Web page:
New Puppy Checklist: Puppy Essentials & Supplies

Pet care & safety
A new puppy eating food his parents got from his new puppy checklist

The first 48 hours with a new puppy are filled with excitement. You learn a lot about your pet’s personality and needs as they get acquainted with their new home. To make the transition go as smoothly as possible, it’s important to stock up on some puppy essentials. 

At Embrace Pet Insurance, we’ve compiled this puppy essentials list to help you care for your dog and create a stress-free first few days together. 

Puppy Essentials Checklist 

Checking items off your new puppy checklist can make you feel confident on the big day when you bring your canine friend home. Buying things like food and collars is a given, but there are many things first-time dog owners may not realize they’ll need. The typical puppy schedule includes lots of playtime and training, so you’ll need items to keep your pup safe and entertained. 

Puppy Health and Safety Items 

Some of the most crucial puppy supplies are the ones required for their safety. Invest in the right items for your dog’s health to give them a long and happy life. 

Collars and Harnesses 

Getting your dog a collar or harness is essential so that you can safely take them on walks and to their veterinarian appointments. Collars are easier to use but may put a strain on your puppy’s neck. A harness can be better for dogs with certain medical issues or who pull a lot. 


Purchase a leash so that your puppy won’t run off while you’re taking them to the bathroom or around town. Leashes come in a range of weights and sizes, so make sure to buy one that is the right fit for your puppy. Be prepared to practice a bit with your dog before they get the hang of walking correctly on a leash. 

Identification Tags and Microchips 

Even the most vigilant pet owners can lose sight of their dog at a busy park or in their backyard. You can purchase an ID tag to attach to your dog’s collar. This tag should include your dog’s name and your contact information. Your veterinarian can also implant a microchip in your dog. If your dog ever gets lost, a shelter or veterinarian can scan the chip and get your contact details. 

Feeding Supplies for Your Puppy 

Growing puppies need adequate nutrition, and no puppy checklist is complete without plenty of food and water. 

Food and Water Bowls 

While items as simple as food and water bowls can seem basic, you’ll still want to put some thought into the type you buy. Depending on the size of your puppy, you may need bowls that are very low to the ground. For puppies that are especially boisterous, consider bowls with a rubber grip on the bottom to prevent the bowl from moving around and avoid spills. Some puppies are ravenous eaters, so slow-feeder bowls may be a better option than traditional bowls to help slow them down.  For dogs that will travel with you often, consider also buying portable water containers to keep in your car.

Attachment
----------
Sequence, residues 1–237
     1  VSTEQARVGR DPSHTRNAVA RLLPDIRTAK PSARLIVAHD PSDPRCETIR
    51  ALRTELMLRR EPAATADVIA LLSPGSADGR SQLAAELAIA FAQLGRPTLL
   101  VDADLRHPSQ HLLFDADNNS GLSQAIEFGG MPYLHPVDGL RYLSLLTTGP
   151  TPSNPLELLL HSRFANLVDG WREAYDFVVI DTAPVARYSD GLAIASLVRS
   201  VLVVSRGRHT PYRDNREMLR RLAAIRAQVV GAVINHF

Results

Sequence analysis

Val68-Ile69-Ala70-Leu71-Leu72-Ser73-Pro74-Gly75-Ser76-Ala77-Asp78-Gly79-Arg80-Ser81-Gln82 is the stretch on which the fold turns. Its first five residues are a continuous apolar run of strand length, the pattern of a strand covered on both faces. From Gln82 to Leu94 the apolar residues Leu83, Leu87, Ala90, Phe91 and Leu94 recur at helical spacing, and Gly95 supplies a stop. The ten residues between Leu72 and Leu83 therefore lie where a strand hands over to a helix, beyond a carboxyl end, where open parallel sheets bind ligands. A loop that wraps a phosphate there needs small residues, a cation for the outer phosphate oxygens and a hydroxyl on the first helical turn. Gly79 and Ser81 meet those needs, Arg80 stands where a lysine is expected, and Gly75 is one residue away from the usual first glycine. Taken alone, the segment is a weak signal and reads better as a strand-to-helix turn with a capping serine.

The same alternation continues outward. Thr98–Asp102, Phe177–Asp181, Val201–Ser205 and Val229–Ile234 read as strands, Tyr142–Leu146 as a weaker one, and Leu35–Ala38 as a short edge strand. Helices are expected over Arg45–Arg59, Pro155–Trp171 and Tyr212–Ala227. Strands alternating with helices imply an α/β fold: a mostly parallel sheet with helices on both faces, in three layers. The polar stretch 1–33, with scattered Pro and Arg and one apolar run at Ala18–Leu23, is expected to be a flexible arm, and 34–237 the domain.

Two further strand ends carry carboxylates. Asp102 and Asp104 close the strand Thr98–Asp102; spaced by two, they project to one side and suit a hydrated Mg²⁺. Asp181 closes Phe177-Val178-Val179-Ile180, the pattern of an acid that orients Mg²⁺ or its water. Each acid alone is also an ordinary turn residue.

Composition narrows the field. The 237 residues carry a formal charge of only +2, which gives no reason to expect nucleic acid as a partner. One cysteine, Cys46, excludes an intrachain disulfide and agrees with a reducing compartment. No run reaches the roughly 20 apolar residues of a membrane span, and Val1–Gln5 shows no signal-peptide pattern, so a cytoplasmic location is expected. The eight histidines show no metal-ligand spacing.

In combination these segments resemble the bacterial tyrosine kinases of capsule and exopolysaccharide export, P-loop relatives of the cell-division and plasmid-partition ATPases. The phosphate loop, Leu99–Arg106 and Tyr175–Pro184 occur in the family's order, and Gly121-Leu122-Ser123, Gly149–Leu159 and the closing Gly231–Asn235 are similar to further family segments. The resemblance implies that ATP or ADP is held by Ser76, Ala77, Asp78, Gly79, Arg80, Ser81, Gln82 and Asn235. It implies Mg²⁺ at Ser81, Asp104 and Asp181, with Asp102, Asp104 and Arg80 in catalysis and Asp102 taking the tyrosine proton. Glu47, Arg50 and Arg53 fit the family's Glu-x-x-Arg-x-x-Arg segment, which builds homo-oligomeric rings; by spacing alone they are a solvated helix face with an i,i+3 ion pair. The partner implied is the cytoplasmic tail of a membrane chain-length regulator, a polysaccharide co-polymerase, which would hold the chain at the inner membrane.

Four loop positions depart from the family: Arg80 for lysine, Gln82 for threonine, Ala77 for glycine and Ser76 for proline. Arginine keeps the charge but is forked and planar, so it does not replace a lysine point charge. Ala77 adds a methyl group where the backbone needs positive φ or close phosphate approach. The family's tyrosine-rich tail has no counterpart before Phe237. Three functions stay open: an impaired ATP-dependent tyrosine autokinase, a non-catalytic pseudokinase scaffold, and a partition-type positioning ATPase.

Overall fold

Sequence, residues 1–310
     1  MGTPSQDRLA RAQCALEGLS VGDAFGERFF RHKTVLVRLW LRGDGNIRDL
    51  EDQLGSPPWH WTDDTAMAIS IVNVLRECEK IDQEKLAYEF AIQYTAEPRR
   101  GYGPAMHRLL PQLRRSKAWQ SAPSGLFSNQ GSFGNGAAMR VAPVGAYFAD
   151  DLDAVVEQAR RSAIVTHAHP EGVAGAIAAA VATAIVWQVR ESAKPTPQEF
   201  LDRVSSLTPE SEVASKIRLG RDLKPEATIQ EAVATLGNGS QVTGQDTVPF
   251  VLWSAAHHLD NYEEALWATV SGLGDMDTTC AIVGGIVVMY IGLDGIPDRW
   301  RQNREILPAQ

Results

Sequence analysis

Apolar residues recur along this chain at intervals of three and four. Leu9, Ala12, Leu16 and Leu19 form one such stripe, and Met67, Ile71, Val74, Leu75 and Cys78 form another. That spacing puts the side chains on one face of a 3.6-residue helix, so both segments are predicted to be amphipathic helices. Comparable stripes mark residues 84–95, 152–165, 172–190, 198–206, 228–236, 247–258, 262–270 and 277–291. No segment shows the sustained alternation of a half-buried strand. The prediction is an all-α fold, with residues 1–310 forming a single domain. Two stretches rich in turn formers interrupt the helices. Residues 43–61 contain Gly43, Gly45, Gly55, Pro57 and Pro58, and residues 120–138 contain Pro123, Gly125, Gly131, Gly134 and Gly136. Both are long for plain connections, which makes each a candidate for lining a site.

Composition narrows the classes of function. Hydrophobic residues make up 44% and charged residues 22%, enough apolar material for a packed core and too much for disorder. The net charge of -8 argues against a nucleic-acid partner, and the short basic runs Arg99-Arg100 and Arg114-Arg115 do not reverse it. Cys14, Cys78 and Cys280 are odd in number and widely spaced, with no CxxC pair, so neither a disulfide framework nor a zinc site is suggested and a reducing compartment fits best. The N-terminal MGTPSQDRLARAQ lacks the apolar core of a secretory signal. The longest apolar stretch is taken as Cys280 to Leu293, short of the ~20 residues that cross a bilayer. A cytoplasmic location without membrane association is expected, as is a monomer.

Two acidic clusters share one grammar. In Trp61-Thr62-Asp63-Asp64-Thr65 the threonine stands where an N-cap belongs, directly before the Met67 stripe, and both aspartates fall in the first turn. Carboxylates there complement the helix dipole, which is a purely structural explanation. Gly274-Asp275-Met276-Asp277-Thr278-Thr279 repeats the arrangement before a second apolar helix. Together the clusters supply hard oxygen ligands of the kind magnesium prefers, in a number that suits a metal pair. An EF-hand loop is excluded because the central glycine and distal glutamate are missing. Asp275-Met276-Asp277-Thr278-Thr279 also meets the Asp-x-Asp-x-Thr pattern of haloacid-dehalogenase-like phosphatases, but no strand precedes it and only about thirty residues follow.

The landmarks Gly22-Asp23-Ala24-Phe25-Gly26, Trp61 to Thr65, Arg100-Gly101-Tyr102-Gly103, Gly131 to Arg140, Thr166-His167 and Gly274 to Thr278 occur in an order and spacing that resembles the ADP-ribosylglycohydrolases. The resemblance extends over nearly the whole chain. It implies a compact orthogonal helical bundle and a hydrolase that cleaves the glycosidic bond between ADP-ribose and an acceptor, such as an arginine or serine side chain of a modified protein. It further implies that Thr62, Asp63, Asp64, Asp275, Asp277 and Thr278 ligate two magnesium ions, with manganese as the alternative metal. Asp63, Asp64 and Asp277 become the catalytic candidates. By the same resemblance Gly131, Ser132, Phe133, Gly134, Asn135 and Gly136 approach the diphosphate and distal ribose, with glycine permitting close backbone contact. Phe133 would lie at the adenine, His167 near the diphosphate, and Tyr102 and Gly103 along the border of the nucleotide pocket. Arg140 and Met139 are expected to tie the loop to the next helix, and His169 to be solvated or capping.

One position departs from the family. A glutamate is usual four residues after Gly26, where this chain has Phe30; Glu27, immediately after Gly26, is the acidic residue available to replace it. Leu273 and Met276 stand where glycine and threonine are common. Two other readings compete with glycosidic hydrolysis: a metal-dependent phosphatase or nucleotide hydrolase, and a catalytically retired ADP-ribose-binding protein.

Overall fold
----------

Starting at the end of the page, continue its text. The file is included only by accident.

Choosing the Right Dog Food 

Puppy food is specially formulated with nutrients geared towards growing dogs, such as appropriate amounts of calcium, protein, and fat. Make sure the food you buy is intended for puppies, not adult dogs. Puppy foods labelled for certain dog breeds or a puppy’s future frame size (e.g. large breed formulas vs. small breed formulas) can be especially helpful for some dogs. In addition to the right kinds of nutrients for growing puppies, smaller kibble is often needed because puppies can choke on pieces of kibble that are too large for them. Remember that an abrupt change in diet can cause an upset stomach, so if possible, talk to the shelter or breeder and find out what they were using for the puppy. If you need to switch foods, start off with the same food your pup is already used to eating and then gradually transition them to the new food. 

Treats and Chews 

In moderation, treats and chews can be a delicious way to supplement your dog’s diet, and they can help with training. As with your puppy’s daily food, ensure the treats and chews are suitable for your dog’s age and size. Remember to use treats as an addition to their regular diet, rather than as their main source of nutrition. 

A puppy resting in his puppy bed with all the puppy supplies he needs.

Puppy Training Tools 

Training can be a fun and sometimes frustrating part of living with a dog. There are tools to make the training process easier. 

Training Treats 

Most puppies are very food-motivated. Having a bag of training treats on hand is a good way to reward good behavior (e.g. learning commands, using the bathroom in the correct location). Training treats are typically small and low-calorie so that they don’t disrupt your dog’s diet. 

Treat Pouches 

Invest in a treat pouch that you can take with you as you travel with your new puppy. This way, you can practice on-the-go training with them outside the home. 

Grooming Supplies 

When you’re shopping for new puppy essentials, don’t forget grooming supplies. Grooming your dog isn’t all about looking pretty – it's about health, too! 

Brushes and Combs 

Some dog breeds with long fur will need to be brushed regularly. Buy a brush and comb to prevent tangles or matted fur and to remove dirt and debris that your curious puppy is sure to accumulate. 

Nail Trimmers 

Like humans, dogs need their nails trimmed. Untrimmed nails can make walking painful. If you aren’t comfortable trimming your puppy’s nails, you can take them to a veterinary clinic, certain pet stores, or professional groomers. 

Shampoo and Grooming Wipes 

Does your new puppy or dog need to be bathed often? Not necessarily, but some dogs have a tendency to get messy, whether that’s from rolling in mud puddles or going for a swim in the lake. Buy puppy or dog shampoo and grooming wipes to keep them smelling fresh and clean without irritating their skin. Avoid human soaps and shampoos as these can be too harsh on them. 

Dental Care Products